With an exit rate of 23.3%, lone-parent families (3.0 years) tended to remain in low income for longer periods—more than one year longer than couple-parent families with children (1.8 years).
Compared with tax filers living in couple-parent families, tax filers in low income in 2017 who lived alone were less likely to have exited low income by 2018 (22.2%). In addition, the median length of time that they stayed in a low-income situation was longer (3.1 years).
Immigrant tax filers who have lived in Canada longer are less likely to fall in low income
Data from the 2019 Canadian Income Survey show that recent immigrants are more likely to be in poverty than immigrants who have lived in Canada longer. Administrative data also indicate that newer immigrants are likelier to be in a low-income situation.
However, immigrants who have lived in Canada longer found it more difficult to exit low income once they had fallen into it. For example, among immigrant tax filers who had lived in Canada for more than 10 years, 24.4% of those who lived in low income in 2017 had moved out of it in 2018. In comparison, 36.1% of immigrant tax filers who had lived in Canada for five years or less and who were in low income in 2017 were able to exit this situation by 2018.
Thus, immigrants who had lived in Canada for a longer period were less likely to fall into low income, but if they did, they were more likely to stay in that low-income situation for a longer period. In contrast, newer immigrants were relatively more mobile; while they were more likely to fall into low income, they also tended to exit their low-income situation more quickly.
Tax filers in Atlantic Canada have much lower exit rates than those in Alberta
One-third (33.8%) of tax filers in Alberta who were in low income in 2017 had exited this situation by 2018, the highest rate among the provinces. Albertans in low income also tended to stay in that situation for a shorter period, their median length of time spent in low income being the shortest among the provinces, at 2.0 years.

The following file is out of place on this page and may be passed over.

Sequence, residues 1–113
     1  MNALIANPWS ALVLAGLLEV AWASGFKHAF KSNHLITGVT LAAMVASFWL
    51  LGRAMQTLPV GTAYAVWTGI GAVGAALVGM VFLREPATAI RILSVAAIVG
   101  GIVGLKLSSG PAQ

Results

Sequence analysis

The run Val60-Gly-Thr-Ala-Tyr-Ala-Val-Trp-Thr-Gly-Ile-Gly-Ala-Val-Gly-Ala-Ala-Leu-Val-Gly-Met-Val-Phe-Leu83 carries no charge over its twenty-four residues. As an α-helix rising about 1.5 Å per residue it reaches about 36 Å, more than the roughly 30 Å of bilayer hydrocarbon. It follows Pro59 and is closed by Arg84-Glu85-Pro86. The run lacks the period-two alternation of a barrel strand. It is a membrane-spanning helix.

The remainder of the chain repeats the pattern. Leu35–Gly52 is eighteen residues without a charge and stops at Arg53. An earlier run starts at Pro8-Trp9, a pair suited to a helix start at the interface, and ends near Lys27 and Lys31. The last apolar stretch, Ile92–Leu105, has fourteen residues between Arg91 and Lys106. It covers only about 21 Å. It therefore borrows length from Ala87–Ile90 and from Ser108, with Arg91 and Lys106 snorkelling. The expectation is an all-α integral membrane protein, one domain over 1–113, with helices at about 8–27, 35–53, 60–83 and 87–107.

Conversely, less than one-quarter of tax filers in Newfoundland and Labrador (22.5%), Nova Scotia (22.9%), and New Brunswick (23.5%) who lived in low income in 2017 had exited that situation by 2018. In addition, tax filers from these provinces tended to stay longer (a median of about 3.0 years) in their low-income situation before moving out of it.
Canadians are rising out of low income at a faster pace than they were five years earlier
Overall, Canadian tax filers were rising out of low income at a faster pace in 2018 (28.1%) than in 2014 (26.2%), with much of the increase in pace attributable to couple families with children, which exited their low-income situation more quickly in 2018 than in 2014.
For example, well over one-third (37.9%) of couple families with children exited low income in 2018, up from 30.6% in 2014. In terms of median length of time, these families spent five months fewer in low income in 2018 than in 2014.
In contrast, the exit rate for low-income tax filers in lone-parent families edged up from 21.9% to 23.3% over the same period, while the median length of time that they spent in low income fell from 3.2 years to 3.0 years. The exit rate for low-income tax filers living alone rose from 21.3% (3.3 years) to 22.2% (3.1 years).